This is the third and final year of the project, and then the city will determine whether it becomes permanent. A March 2015 report declared the project a success, noting that the revenue from permit sales exceeded the costs to the city.

But an April 2015 article in the Hamilton Spectator shows lukewarm enthusiasm for the project. “Out of a theoretical 1,000 or so possible permit spots last summer, operators used just 137—and about a quarter of those were during the first two weeks, when permits were free,” says the article. “Three of the seven parks didn’t receive a single permit application after the free period.” Elliott says Halifax hasn’t looked at that idea and he has no opinion on it.

While Halifax’s food truck scene may be stuck in neutral, it’s grown since the days when Bud the Spud ruled the land. With a few tweaks, it could turn into something really special. A thriving food-truck scene is a tourism draw in many cities. That’s partly because the quick-service nature of the industry would leave tourists with more time to get out and see the city, and create a lasting memory. Downey-Lim says because food trucks tend to highlight local ingredients, they offer dishes and experiences visitors simply won’t get in other cities.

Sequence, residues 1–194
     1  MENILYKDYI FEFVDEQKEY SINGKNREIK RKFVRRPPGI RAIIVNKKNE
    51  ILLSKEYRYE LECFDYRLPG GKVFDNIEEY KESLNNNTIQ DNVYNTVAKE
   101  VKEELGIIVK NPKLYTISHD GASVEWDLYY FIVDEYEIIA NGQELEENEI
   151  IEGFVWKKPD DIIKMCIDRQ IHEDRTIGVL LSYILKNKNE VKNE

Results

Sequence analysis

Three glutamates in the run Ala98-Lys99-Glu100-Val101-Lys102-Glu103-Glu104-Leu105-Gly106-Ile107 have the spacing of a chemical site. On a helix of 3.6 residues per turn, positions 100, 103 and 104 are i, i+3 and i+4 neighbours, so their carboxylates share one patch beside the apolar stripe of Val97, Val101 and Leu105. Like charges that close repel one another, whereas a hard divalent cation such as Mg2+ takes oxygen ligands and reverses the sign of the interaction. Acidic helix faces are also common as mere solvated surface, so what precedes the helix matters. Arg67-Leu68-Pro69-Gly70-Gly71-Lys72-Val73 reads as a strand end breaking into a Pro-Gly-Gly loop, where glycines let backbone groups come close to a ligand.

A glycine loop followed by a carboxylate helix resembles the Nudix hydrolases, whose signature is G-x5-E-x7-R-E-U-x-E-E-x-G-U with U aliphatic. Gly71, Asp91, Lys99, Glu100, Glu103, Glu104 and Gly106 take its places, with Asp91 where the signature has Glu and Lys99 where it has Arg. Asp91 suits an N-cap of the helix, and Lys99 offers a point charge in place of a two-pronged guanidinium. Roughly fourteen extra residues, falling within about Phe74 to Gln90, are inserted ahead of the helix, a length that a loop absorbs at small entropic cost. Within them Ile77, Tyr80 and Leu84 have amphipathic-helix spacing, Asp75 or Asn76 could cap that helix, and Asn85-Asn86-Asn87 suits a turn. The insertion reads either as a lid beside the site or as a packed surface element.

“I think it’s a way for [tourists] to grab something that is so quintessentially Nova Scotian,” says Johnsrude. “It’s like basically taking a tour of the province having one of our sandwiches.”

  • Sangay Kunga Graham

    I totally get the concerns of brick’n mortar restaurants, but in the end, as someone that once ran small town retail and also had to face head on with small pop up vendors for events, street festivals and special occasions, you quickly learn that more activity brings more people and more people having a better time often means more spending…and that’s good for everyone. And I know from past experience that food trucks don’t hurt, but in fact help an area’s restaurants, especially those that learn to play in the sandbox with the trucks.

    In the end, this is a good piece about the truck assoc wanting to make sure a few, good sites are selected and good controls are put into place to make sure the industry grows in a manageable fashion and at the same time not hurt restaurants. It can be done-let’s just put our noodles together to figure it out!

    Until then— I keep following the trucks; I keep enjoying our local restaurants; equally and with a desire to enjoy all the fine food fare they have to offer!